ROCK ISLAND ARSENAL, Ill. -- The U.S. Army Sustainment Command's LOGCAP proved its value again in West Africa. This time, the contract-oriented program wasn't supporting a war, but rather contributing to the halt of the largest Ebola epidemic in history.

Within 48 hours of notification, LOGCAP -- Logistics Civil Augmentation Program -- had five contracted personnel in West Africa Sept. 22, after a formal request from U.S. Army Africa Command, as its initial team to support Operation United Assistance or OUA, said Matt Sannito, LOGCAP deputy director.

Agriculture ministers from West African nations called for financial aid and global coordination to control and prevent the Ebola Virus Disease health care crisis from spreading.

LOGCAP is the Army's premier capability to support global contingencies by leveraging corporate assets to augment current and programmed sustainment force structure. It provides global resources supporting deployed military needs augmenting combat support and combat service support units during combat, peacekeeping, humanitarian and training operations.

"This was a pure humanitarian effort," Sannito explained. One priority, he said, was "educating a community on proper preventative and control measures."

The U.S. military's response was to support USAID -- United States Agency for International Development. The USAID agency functions to administer civilian foreign aid. The U.S. Army was part of a joint effort that included forces from all branches of the Department of Defense.

Sannito said the EVD crisis was definitely a change in mindset for personnel because the threat wasn't human, but a virus.

At any given time an estimated 90 contractors, one Army civilian and two Solders from the 414th Contract Support Brigade, Vicenza, Italy, were present to carry out the various missions. All totaled, $75 million was spent in support of LOGCAP, Sannito said.

Fluor Corporation was given the responsibility for execution. Fluor is a multinational engineering and construction firm headquartered in Irving, Texas. It is a holding company that provides services through its subsidiaries in four areas: energy and chemicals, industrial and infrastructure, government and Fluor Global Services such as staffing and equipment rentals.

This was "a massive undertaking with significant costs, leveraging the full support of the U.S. Military and LOGCAP was essential in preventing the further spread of the Ebola epidemic and ensuring more lives were not lost," Sannito said.

In support of OUA to help the governments of Guinea, Liberia and Sierra Leone contain the outbreak of Ebola last fall, LOGCAP was crucial in establishing a regional intermediate staging base in Senegal, though the main effort was in Liberia.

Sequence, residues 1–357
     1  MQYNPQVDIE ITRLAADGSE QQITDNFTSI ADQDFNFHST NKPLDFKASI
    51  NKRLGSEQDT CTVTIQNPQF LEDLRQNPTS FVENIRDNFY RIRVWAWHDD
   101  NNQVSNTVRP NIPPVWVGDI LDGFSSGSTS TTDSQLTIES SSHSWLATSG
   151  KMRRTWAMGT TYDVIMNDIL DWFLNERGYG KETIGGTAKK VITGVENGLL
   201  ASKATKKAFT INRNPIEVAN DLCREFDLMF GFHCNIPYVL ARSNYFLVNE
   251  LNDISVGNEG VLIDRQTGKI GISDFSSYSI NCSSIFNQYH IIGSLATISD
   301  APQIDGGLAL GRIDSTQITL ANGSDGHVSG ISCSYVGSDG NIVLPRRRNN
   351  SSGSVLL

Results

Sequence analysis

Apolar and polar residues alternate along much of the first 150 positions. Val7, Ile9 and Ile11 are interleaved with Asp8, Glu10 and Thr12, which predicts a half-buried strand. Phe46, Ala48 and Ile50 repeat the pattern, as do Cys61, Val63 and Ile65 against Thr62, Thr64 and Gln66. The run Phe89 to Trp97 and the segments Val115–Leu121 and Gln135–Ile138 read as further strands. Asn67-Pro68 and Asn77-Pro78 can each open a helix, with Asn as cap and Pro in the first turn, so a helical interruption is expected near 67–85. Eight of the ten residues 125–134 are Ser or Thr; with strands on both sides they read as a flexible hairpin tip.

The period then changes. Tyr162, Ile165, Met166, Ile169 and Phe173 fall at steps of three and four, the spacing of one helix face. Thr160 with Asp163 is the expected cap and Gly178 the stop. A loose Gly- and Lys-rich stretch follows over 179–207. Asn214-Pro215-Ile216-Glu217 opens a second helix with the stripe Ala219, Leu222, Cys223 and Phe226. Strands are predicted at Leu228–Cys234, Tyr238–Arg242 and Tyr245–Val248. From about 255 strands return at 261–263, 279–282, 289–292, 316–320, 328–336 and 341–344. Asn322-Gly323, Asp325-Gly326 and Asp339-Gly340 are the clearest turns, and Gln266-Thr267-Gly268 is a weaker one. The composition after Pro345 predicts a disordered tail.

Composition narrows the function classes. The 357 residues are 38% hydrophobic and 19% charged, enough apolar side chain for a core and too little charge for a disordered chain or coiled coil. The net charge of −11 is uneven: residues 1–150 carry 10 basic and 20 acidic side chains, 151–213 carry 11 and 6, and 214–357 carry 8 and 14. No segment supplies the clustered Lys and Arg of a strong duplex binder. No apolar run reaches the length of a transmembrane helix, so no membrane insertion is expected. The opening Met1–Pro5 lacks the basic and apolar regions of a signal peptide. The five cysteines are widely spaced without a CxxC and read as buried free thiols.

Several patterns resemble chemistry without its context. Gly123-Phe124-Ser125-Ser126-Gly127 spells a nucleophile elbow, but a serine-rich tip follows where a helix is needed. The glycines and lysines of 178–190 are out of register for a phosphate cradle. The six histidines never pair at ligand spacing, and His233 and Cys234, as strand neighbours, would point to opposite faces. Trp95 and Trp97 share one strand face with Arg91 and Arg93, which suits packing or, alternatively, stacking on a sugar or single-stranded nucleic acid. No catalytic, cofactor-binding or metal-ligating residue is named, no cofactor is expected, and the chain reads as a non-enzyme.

But unlike the dry, barren conditions of Iraq and Afghanistan -- two areas where LOGCAP has heavily supported -- West Africa is humid from frequent rainfall and lush with vegetation, making this a new challenge, Sannito said.

For example, the land where different treatment facilities would eventually be built on had to be reinforced with brought-in material to support an infrastructure because the land was marshy, he said.

Another challenge was that there was no real standard for treatment facilities regarding EVD. The DoD had its ideas; USAID had its own ideas too, Sannito said, along with ideas from the World Health Organization.

Additionally, the U.S. went into countries without a standing Status of Forces Agreement which functions to provide rules and policies on most affairs regarding the host nation and the U.S., Sannito said. Ironically, one issue, he said, was a delay in obtaining visas for the contractors in a non-declared war zone, while there were no issues regarding military personnel.

"There were diverse challenges faced in support of OUA, though LOGCAP captured many lessons learned through our execution that are incorporated into how we are conducting operations around the world," Sannito said.

In the end, LOGCAP was in the strongest position to offer the best ideas because DoD was also concerned with ways to minimize risk of EVD spreading amongst the healthcare providers and others working in the Ebola Treatment Units.

Overall, various U.S. Army Materiel Command agencies contributed to the success in West Africa, including the Army Field Support Battalion-Italy, 405th Army Field Support Brigade. The battalion prepped and shipped 25 Force Provider Modules by air, land and sea. These modules provided key life support to more than 3,400 personnel operating in Liberia and Senegal.

The modules -- available in 150- and 50-person configurations -- are capable of providing climate-controlled billeting, shower, latrine, kitchen, power distribution and even morale, welfare and recreation facilities.

The different sizes of available modules helped reduce misunderstandings regarding expectations, Sannito said, and significantly helped in providing aid quicker as it provides predictability for planners.

LOGCAP provided the following services: limited construction, hazardous materiel (waste storage areas); washer/dryers (self-serve); sewage system; yard operations; canvas and tent repair; material handling equipment; chemical latrines/hand wash stations; bulk fuel operations; compressed air; showers; pest management; dining facilities; transportation motor pool; fire prevention; bottled water; power generation; fuel testing facilities; water production; and, common user logistics transport.

"Requirements were evolving on a daily basis," Sannito said. In early April, LOGCAP's mission ended.

"By no means was the success of OUA solely due to LOGCAP," Sannito said. "It was definitely a teaming event with all individuals delivering brilliantly to achieve the decisive edge in this complex environment."